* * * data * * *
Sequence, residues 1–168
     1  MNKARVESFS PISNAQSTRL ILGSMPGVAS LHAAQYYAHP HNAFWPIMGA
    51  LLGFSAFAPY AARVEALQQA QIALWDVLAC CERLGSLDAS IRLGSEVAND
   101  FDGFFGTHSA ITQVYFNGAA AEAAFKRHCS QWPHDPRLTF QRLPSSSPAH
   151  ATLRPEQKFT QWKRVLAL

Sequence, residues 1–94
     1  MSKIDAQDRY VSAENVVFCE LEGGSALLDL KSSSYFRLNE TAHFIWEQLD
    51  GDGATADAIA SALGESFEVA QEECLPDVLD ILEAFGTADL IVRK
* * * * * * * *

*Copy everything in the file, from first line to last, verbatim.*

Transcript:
Sequence, residues 1–168
     1  MNKARVESFS PISNAQSTRL ILGSMPGVAS LHAAQYYAHP HNAFWPIMGA
    51  LLGFSAFAPY AARVEALQQA QIALWDVLAC CERLGSLDAS IRLGSEVAND
   101  FDGFFGTHSA ITQVYFNGAA AEAAFKRHCS QWPHDPRLTF QRLPSSSPAH
   151  ATLRPEQKFT QWKRVLAL

Sequence, residues 1–94
     1  MSKIDAQDRY VSAENVVFCE LEGGSALLDL KSSSYFRLNE TAHFIWEQLD
    51  GDGATADAIA SALGESFEVA QEECLPDVLD ILEAFGTADL IVRK